NAVY: Outspoken Medical Investigator Ousted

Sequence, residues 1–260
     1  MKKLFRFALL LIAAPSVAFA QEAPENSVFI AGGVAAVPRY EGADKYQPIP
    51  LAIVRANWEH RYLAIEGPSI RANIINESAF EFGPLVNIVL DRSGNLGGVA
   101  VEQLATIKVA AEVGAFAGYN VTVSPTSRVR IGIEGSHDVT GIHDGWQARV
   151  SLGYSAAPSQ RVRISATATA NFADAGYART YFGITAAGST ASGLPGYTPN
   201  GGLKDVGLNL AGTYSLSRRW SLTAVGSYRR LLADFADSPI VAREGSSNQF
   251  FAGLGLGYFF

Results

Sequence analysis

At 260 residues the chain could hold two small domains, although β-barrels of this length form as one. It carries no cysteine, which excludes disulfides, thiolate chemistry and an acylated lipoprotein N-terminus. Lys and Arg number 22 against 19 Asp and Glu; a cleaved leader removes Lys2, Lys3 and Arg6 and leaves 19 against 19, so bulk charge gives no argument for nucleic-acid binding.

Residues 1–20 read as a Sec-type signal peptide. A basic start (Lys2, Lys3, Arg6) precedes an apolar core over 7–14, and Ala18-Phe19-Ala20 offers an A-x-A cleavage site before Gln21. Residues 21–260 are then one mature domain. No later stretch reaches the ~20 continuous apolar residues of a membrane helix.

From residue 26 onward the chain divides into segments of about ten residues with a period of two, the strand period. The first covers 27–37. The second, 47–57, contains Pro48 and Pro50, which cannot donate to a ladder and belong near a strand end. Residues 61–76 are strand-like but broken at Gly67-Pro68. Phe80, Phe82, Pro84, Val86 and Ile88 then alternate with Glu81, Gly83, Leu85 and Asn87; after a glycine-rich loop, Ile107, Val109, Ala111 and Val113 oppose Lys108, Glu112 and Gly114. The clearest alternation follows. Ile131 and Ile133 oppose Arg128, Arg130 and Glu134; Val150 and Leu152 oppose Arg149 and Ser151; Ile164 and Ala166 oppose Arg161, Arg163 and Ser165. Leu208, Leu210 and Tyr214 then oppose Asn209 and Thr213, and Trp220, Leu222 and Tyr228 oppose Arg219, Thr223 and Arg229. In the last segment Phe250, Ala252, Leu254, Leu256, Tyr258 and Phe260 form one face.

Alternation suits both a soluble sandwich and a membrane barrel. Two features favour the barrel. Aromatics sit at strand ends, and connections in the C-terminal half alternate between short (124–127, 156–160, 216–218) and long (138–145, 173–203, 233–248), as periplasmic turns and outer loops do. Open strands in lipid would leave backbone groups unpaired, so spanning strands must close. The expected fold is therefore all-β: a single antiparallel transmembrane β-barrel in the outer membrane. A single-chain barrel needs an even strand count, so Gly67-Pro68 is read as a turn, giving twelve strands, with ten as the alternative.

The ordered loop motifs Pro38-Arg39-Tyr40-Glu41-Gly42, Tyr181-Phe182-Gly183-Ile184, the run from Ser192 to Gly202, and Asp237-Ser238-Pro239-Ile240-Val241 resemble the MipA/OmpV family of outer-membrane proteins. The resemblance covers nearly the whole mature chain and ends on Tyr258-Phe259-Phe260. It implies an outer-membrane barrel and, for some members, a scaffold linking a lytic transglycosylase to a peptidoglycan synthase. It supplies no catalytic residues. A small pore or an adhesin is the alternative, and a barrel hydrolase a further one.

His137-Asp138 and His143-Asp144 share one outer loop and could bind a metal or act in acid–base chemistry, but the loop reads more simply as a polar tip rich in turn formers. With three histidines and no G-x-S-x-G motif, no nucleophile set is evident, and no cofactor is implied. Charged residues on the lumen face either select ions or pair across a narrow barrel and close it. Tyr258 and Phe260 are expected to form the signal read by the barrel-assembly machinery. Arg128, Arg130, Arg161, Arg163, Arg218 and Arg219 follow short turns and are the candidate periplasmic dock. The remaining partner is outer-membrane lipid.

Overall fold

A doctor who went public with his findings that the U.S. Navy may have misdiagnosed hundreds of sailors exposed to potentially lethal silica dust was fired Monday for insubordination, the AP/Los Angeles Times reports. Dr. Philip Jajosky, a 23-year veteran of the U.S. Public Health Service at the National Institute for Occupational Safety and Health, was "ordered to pack up his belongings and leave his office" after an investigation into the matter. The termination, characterized as an "involuntary retirement," comes more than two months after closed hearings on the matter in which Jajosky "raised a red flag" regarding the Navy's diagnosis of a patient's lung ailment. The patient's original diagnosis was sarcoidosis, a rare lung disorder with no known cause. After reviewing the case, Jajosky changed the diagnosis to silicosis, a chronic respiratory disease caused by inhaling silica, a hard glassy material found on the decks of aircraft carriers. The patient, Jajosky maintained, helped scrape the adhesive textile off of the decks of carriers in the 1970s and as a result acquired the lung ailment. Jajosky submitted his findings to the Navy, which led to a Veterans Affairs recommendation that its 172 medical centers perform "detailed medical histories on affected sailors." If confirmed, the remanded diagnoses could have "enormous financial ramifications for the Navy." Jajosky says the conclusions of his research cost him his job and said, "I didn't just pop up on the scene and say, 'I'm going to raise hell.' Everything was fine in my career until I got involved in this investigation." He contends that he was "denied medical pay, passed over for promotions, humiliated and stripped of power." Jajosky argued that he was obligated to keep troops healthy and said, "I consider that a basic conservative public health issue" (Smith, 12/7).This is part of the California Healthline Daily Edition, a summary of health policy coverage from major news organizations. Sign up for an email subscription.